Although buyers may find lower prices for some homes in rural Southeast North Carolina than in urban areas, these housing markets face similar challenges in the current economic climate.
Jens Lutz, agent in charge of Southeast Properties Real Estate in Bladenboro, Bladen County, has been a member of the Brunswick Association of Realtors for nearly 20 years.
Lutz recently shared his views on the state of the rural housing market.
“We’ve seen a drastic slowdown in buyer activity, mainly due to increased inventories and rising interest rates,” Lutz said.
According to statistics compiled by BCAR from the NC Regional Multiple Listing Service, the September average selling price in Bladen County decreased slightly, less than 1%, from $193,967 in September 2021 to $192,488 in September 2022.
But as in larger areas, sellers sometimes have to adjust their expectations significantly.
“We are actually seeing a large amount of price cuts that I would speculate on [are resulting] from increased inventories and interest rates affecting buyers’ ability to buy and sellers’ price points,” Lutz said Nov. 8. However, that has now changed.”
Lutz said he expects such changes to persist, at least for a while.
“I foresee further falls in prices assuming interest rates stay the same or rise,” he said.
In the Wilmington area, which includes Pender, Brunswick and New Hanover counties, home sales fell 25% in September this year compared to the same month last year. But prices rose significantly in September, the latest month for which Wilmington-based Cape Fear Realtors released MLS statistics. The average selling price increased by 12.4% from $336,000 in September 2021 to $377,500 in the same month of this year.
According to a November report by the National Association of Realtors, an overwhelming majority of major city markets saw home price increases in the third quarter of 2022, despite mortgage rates hovering nearly 7% and declining sales.
“Forty-six percent of the 185 metro areas monitored saw double-digit rate increases, compared to 80 percent in the second quarter of this year,” the release said. “The national median price for existing single-family homes increased 8.6% year over year to $398,500. Year-over-year price increases slowed compared to the previous quarter’s 14.2%.”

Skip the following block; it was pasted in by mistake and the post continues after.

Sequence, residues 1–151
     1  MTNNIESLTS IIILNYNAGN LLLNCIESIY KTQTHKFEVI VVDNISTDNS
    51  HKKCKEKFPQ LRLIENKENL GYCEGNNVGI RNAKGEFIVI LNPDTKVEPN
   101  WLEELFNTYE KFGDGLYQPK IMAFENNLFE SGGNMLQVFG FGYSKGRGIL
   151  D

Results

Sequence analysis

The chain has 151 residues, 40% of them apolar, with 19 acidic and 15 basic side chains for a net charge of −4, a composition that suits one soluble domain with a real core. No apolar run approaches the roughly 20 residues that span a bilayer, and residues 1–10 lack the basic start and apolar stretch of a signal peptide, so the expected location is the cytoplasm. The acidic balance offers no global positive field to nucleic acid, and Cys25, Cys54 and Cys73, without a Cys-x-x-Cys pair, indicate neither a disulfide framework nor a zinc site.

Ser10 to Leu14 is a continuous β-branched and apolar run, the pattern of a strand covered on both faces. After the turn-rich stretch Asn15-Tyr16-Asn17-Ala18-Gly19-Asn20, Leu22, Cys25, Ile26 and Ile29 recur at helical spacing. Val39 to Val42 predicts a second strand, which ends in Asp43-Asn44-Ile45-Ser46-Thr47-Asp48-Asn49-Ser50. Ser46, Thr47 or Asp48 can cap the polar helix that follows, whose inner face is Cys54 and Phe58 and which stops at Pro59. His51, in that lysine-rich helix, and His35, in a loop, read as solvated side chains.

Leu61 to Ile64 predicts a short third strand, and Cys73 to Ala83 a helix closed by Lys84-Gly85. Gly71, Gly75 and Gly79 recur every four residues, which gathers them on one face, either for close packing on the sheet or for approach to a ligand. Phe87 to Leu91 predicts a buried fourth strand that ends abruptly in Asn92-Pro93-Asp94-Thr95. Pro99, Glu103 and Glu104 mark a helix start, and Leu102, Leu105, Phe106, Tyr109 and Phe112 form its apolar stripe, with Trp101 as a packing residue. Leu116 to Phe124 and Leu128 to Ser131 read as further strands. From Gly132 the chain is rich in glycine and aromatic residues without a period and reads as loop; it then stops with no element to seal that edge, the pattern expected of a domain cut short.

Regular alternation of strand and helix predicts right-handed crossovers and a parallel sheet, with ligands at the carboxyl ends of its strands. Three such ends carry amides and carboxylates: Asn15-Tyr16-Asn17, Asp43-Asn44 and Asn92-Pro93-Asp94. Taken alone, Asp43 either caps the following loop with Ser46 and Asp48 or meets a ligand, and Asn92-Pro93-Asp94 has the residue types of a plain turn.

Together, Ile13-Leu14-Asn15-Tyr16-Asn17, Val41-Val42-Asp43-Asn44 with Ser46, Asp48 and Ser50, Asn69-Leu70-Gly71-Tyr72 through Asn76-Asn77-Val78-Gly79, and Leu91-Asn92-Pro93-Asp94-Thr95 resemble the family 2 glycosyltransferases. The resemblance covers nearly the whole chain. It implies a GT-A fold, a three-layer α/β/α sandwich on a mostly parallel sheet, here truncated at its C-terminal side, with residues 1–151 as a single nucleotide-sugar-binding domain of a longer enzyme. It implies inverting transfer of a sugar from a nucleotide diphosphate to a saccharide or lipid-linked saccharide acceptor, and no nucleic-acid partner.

Slowing home price growth will continue until mortgage rates stop rising, NAR chief economist Lawrence Yun said in the release. “The median income required to buy a typical home has risen to $88,300 — almost $40,000 more than before the pandemic began in 2019,” he said.
As a result, the housing affordability crisis affecting the region and the U.S. has deepened, national and local officials say.
It’s a situation that’s on the radar of nonprofits and government agencies, but there’s no easy answer.
“Over the past 40 years, home prices in southeastern North Carolina have risen 22% faster than the rest of the state. This increase is primarily being driven by New Hanover County (the second-highest in the state), where home prices have risen 5.2% annually since 2013,” according to Cape Fear Collective, a social impact nonprofit that uses data as a tool to combat it community needs.
The collective also reported that seven out of eight low-income North Carolina residents spend more than a third of their income on housing.
“Bladen County (second worst in NC) and New Hanover County (sixth worst in NC) are both in the top 10 for housing cost burdens with 19.7% and 17.7% of households experiencing cost burdens, respectively,” the website reads of the collective.
Samira Davis is a broker who also works at Southeast Properties Real Estate but sells properties throughout Southeast North Carolina, including Columbus County. She said in November she was working on creating tiny houses in Whiteville, the county seat of Columbus.
“There is an urgent need for some people, but there is a lack of affordable housing, so we need to look at how we can provide that cost-effectively for urban and rural areas,” she said.
Overall, the buyers she’s worked with recently have cash, Davis said.
“We’re seeing inventory for sale going down and the cost of capital going up,” she said, “and I think a lot of people could get caught in the crossfire when you’re looking to buy your main home and you’re buying with financing.”
Fixer-upper homes in rural areas are being sold to investors who can pay cash because credit standards for home renovations mean first-time homebuyers or those who need conventional credit will struggle to qualify, she said.
At the same time, price increases in urban counties affect their more rural counterparts.
“New Hanover County has made home ownership almost impossible for many young professionals and professionals,” Davis said. “They can’t even afford rent. I get the same call every day of the week from someone looking for something under $1,300 or $1,400 [per month] for rent in New Hanover County.”
That price point doesn’t seem to exist in New Hanover anymore, she said, and as rents and sales prices continue to rise, both renters and buyers continue to be pushed “to the fringes.”